Our company is looking for functionalilty/or automated way to archive data in SQL Server. Currently, we create archive tables with identity surrogate, and develop stored procedures to import data. We are conducting this for 100+ tables, data is 2 years or older. Does SQL Server have functionality or automated way to archive data (Wizard tool, UI) or does person have to develop stored procedures? I am thinking of creating dynamic sql to write script for 100+ tables.


-- If no functionality exists, will create dynamic sql for tables using template below

create table dbo.CustomerTransaction
    CustomerTransactionId bigint primary key identity(1,1) not null ,
    CustomerName varchar(255) null ,
    ProductName varchar(255) null,
    Quantity int null ,
    CreateDatetimestamp datetime not null  

create table dbo.CustomerTransactionArchive
    CustomerTransactionArchiveId bigint primary key identity(1,1) not null ,
    CustomerTransactionId bigint null,
    CustomerName varchar(255) null ,
    ProductName varchar(255) null,
    Quantity int null ,
    CreateDatetimestamp datetime not null  

create procedure dbo.CustomerTransactionArchive

    declare rowmin bigint = (Select min(CustomerTransactionId) from dbo.CustomerTransaction where Createdatetimestamp < dateadd(year,-2,CreateDatetimestamp ))
    declare rowmax bigint = (Select max(CustomerTransactionId) from dbo.CustomerTransaction where Createdatetimestamp < dateadd(year,-2,CreateDatetimestamp ))
    declare rowcounter bigint = rowcountermin

      -- insert into 100,000 record block, do not want to lock too many pages in table
    while rowcounter <= rowmax 

        insert into dbo.CustomerTransactionArchive  (
        select * from dbo.CustomerTransactionArchive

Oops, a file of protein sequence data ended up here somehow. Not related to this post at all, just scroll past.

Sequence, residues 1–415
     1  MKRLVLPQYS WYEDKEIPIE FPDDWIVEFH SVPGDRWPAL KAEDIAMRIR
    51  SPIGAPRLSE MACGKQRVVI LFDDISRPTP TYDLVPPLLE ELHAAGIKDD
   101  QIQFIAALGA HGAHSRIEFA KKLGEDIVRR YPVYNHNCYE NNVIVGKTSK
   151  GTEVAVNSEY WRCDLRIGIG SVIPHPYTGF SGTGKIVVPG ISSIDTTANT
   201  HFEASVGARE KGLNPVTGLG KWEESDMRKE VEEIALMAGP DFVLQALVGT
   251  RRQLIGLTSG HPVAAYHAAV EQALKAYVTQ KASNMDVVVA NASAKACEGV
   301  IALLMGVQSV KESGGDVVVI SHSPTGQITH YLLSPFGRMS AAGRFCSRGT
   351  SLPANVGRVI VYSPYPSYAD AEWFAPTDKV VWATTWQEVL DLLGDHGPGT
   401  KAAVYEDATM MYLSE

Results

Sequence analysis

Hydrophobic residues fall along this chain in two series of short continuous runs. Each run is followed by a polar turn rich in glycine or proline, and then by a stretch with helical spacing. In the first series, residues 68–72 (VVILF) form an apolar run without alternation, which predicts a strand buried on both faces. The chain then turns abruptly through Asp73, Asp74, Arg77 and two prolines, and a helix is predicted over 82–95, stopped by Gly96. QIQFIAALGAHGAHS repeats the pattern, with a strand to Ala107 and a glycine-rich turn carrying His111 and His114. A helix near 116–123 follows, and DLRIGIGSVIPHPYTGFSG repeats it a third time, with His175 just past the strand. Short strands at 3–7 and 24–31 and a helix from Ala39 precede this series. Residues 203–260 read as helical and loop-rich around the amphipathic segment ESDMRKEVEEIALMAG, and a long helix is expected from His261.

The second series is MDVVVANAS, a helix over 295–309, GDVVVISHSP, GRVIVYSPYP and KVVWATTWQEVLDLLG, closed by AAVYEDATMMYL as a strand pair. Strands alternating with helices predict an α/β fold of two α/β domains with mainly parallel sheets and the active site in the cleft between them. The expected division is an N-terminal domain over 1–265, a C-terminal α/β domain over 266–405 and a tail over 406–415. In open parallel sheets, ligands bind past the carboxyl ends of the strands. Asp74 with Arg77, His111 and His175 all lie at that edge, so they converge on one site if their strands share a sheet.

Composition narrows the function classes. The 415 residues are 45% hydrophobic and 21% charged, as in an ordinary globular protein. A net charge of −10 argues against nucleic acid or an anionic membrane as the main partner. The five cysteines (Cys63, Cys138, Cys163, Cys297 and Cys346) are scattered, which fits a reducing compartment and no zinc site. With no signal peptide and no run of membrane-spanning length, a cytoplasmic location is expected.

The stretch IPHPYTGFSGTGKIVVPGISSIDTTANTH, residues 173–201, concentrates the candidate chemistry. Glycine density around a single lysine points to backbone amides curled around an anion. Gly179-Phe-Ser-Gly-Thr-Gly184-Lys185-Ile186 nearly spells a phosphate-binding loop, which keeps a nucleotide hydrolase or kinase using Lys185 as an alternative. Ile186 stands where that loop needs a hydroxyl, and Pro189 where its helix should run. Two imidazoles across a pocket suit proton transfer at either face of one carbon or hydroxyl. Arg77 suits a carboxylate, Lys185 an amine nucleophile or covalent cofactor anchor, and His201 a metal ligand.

where CustomerTransactionId between rowcounter and (rowcounter +100000) 
        and Createdatetimestamp < dateadd(year,-2,CreateDatetimestamp ))

        rowcounter = rowcounter + 100001

Archive tables will be in different database

2 Answers 2


There is no built in functionality.

The stored procedure route will work, but you might also want to look into an ETL package (like SSIS) to do this as it may be easier to maintain.

You could also look into partitioning on CreateDate for all your tables in order to efficiently drop older data, but that would still require some custom code to rotate the partitions. They could, however, use a common partition scheme and function if the DDL on the CreateDate is the same for each.

If you were to upgrade, you could also look at using Temporal Tables or Stretch Database from SQL 2016, though those aren't out of the box auto-archive features necessarily.


This is my list on how I would approach :

  • If the data needs to be reside in the same database :

    • If using enterprise edition
    • you can create the tables in seperate filegroups. This way, when doing restore, you can do Piece Meal Restore and unrestored filegroups can be restored at a later time.
    • If partitioning is not suited for your environment, then what you are doing currently - creating archive tables and building process to move the data to archive as per your needs.
      • In your approach, I want to highlight few things :
        • Create the archive tables on separate filegroups.
        • after you move the data from main to archive tables, make sure to update stats. This way the optimizer can create better plans based on latest statistics.
        • Use view to tie up newer and archived data. This way your application just references the view and you dont have to worry about underlying main and archive tables.


  • If the data can reside in a different database e.g. dbname_archive, you can develop an ETL process to periodically move data from your main database to archive database using SSIS. You can reference the old data using 3 part - dbname.schema.tableName. This was you can keep your archive database seperate from main database on a different filesystem and possibly make it readonly. Your main database will be small depending on how often you archive your data and this will speed up restore / recovery times along with maintenance (backups, index / stats etc) for your main database.

Additionally, you can use data compression (since you are on sql server 2012) to further compress the data in archive/history tables.


  • 1
    You only need 1 etl process to manage your archiving process. Look at partition manager to see if that helps.
    – Kin Shah
    Jun 16, 2018 at 19:45

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